Our missions, should we choose to accept them

Juan Cristobal says: -

“If the ‘Yes’ option lost, what would we lose? … The social missions and the communal councils.” From a campaign poster, 10 reasons to vote yes.

We’ve all heard it, incessantly it seems. One of Chavismo’s latest and most effective mantras is that the opposition wants to do away with the government’s popular social programs, the Misiones. The government has even taken to using the State’s media outlets to spread the false notion that the opposition’s governors and mayors want to do away with the Misiones.

Never mind that there is little truth to these assertions- in this media war, it’s all about perception. It’s not enough to say it isn’t true if the opposition is ineffective in actually explaining what its policy toward the Misiones actually is. The more the opposition lets the government frame them as anti-Misiones, the harder it becomes to fight back.

The opposition’s failure is not wholly unrelated to its lack of media access. But the smallness of its bully pulipit does not make them entirely fault-free.

Time and again, the leaders on our side seem bent on wasting perfectly good chances of actually spelling out their vision with respect to social policy. It seems they spend more time talking about the need to address the issue of the Misiones than actually addressing it.

For example, take this recent interview by Leopoldo Lopez, one of the opposition’s better-placed candidates for 2012. In it, he acknowledges the Misiones are “correct from a conceptual point of view,” but that they have “lost their validity (sic) because of poor execution.” It’s an empty phrase that nevertheless hints at a different approach to social programs, but stops way short of actually spelling out what social programs would actually look like if he, Leopoldo Lopez, were to take power.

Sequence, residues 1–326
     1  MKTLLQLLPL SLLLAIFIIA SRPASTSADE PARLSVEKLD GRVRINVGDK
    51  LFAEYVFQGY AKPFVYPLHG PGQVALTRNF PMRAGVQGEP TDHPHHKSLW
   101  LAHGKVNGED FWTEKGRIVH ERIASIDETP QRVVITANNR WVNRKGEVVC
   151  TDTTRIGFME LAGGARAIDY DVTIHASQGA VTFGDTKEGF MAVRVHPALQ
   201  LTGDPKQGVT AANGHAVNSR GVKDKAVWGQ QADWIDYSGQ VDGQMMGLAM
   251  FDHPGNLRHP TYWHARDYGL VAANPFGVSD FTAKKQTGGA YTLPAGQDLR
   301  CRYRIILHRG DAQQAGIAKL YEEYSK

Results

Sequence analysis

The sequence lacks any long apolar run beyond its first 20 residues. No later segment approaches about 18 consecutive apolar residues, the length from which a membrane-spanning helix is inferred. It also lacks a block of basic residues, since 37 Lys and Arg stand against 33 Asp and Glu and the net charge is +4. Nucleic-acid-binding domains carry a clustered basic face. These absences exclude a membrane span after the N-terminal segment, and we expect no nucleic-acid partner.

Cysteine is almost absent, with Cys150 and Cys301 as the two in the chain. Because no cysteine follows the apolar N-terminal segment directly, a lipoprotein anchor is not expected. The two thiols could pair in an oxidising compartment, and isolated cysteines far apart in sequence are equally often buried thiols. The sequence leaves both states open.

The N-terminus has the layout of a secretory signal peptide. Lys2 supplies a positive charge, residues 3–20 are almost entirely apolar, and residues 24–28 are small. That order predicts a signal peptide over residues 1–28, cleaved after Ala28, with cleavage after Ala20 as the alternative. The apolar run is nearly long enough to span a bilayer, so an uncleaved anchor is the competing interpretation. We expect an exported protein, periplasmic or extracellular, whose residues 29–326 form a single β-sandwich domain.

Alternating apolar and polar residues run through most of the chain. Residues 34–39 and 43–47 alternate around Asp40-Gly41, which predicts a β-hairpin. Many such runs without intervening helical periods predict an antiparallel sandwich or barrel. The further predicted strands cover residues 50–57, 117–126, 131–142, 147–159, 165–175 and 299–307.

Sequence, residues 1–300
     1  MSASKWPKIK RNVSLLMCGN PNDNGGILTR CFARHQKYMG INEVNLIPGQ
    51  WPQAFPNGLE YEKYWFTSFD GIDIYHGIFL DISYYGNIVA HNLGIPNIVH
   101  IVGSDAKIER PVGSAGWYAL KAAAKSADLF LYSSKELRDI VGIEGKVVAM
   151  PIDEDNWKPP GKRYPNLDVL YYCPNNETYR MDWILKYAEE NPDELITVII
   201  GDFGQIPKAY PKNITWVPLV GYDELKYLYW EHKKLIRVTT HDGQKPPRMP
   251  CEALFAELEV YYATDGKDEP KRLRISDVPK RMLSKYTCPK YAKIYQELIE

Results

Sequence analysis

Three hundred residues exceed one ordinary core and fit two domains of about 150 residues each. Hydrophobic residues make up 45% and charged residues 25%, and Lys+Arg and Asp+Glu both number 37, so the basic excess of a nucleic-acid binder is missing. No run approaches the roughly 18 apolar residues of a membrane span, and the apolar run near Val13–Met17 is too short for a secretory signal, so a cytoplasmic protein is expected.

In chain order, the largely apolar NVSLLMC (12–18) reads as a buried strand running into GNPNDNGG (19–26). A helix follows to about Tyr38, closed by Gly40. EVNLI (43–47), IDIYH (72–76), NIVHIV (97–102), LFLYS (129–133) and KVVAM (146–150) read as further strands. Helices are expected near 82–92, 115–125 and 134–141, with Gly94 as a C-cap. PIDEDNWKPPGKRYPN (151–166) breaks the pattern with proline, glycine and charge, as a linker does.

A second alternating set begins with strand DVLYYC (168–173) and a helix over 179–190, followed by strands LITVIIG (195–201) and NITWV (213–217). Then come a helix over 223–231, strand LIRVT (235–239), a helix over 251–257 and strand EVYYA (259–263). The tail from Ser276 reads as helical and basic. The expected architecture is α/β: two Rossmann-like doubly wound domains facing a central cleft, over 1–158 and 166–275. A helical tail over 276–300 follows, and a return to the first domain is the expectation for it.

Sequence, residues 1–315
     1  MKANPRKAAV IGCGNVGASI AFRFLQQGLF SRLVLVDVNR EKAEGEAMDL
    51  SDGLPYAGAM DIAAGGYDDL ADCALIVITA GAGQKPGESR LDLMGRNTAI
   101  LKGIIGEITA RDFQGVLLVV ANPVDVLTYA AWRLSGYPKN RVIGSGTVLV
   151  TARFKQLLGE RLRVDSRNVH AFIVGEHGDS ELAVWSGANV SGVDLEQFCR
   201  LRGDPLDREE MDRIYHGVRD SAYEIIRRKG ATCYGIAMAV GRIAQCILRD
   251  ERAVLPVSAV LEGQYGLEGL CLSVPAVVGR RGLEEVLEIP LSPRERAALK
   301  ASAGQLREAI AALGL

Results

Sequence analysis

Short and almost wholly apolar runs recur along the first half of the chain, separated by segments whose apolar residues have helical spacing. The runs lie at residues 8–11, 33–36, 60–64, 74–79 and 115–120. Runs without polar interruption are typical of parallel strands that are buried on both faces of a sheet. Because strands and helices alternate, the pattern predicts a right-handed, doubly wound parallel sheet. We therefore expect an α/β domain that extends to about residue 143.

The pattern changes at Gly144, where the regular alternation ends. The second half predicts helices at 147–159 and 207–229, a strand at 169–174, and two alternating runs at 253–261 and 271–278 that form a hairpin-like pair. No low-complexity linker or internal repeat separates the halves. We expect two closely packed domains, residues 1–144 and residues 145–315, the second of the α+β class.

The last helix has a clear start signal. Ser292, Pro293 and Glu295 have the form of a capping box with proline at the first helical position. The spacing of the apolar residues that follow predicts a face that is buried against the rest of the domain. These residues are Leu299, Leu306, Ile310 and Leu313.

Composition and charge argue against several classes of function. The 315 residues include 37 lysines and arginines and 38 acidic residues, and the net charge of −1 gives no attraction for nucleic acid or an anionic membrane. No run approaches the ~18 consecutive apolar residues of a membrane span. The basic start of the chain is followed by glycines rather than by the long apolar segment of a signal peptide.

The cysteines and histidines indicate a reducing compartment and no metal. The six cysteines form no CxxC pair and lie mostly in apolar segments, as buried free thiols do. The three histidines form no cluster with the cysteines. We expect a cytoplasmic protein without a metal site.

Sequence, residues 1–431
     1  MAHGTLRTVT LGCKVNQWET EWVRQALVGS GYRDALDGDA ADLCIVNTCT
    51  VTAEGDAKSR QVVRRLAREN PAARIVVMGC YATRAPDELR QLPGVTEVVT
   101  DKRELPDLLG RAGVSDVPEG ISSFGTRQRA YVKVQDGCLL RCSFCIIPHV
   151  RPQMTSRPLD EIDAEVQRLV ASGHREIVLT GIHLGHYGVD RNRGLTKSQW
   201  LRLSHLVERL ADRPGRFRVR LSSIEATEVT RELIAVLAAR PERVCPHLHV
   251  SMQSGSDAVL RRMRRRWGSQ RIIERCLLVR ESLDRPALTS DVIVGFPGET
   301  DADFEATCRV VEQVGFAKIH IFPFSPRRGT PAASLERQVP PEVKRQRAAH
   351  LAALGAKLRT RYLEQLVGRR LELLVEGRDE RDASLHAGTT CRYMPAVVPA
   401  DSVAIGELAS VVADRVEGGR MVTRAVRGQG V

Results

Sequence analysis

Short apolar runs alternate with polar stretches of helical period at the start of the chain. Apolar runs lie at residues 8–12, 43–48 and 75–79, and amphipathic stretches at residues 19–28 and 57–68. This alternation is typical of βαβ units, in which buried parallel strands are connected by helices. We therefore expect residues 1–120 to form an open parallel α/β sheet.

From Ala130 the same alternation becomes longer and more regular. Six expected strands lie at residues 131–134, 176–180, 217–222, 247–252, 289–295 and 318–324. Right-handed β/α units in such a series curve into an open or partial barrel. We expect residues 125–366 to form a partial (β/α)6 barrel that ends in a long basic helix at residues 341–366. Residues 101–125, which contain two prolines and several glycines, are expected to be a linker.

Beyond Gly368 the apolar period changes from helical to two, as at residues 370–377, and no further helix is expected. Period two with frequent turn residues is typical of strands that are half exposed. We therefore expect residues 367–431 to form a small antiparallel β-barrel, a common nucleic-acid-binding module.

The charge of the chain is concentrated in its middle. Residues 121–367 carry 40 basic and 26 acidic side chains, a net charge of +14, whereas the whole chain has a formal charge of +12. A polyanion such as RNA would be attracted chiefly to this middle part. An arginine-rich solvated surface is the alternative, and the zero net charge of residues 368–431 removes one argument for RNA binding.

Lopez is far from the worst offender in this regard. Every opposition politico has a heavy stack of wasted opportunities and bygone chances, moments they could have chosen to define their vision for social policy but neglected to do so.

So in a series of upcoming posts, I will try to spell out a vision for the Misiones and a way to frame the message. I will base these posts on Primero Justicia’s platform, a document I helped write, with the caveat that it only represents one point of view among many that (I hope!) exist within the opposition. In that sense, these posts should be considered a continuation of a series of posts last year regarding Primero Justicia’s proposals (see here for their position on oil, here for their take on the justice system and here for their take on fighting crime).

The starting point for this analysis, though, will be a series of posts on what the Misiones claim to do, what the programs consist of and what their main successes and failures are. I will try and dig up government claims as well as more impartial analyses of their impact. Given the obscurity with which the Misiones operate, it will be useful if this were a communal effort. So readers, if you come across interesting analyses regarding the Misiones, send them my way.

Because, let’s face it, the opposition’s penchant for criticizing Chavez but going out of their way to say that they agree with Chavez’s most popular policy is borderline schizophrenic. If they don’t explain what the problem with the Misiones really is and how they would make them better, if they don’t sketch their vision for social policy, then the government will sketch it for them.

Perhaps that helps to explain why we are still in the minority.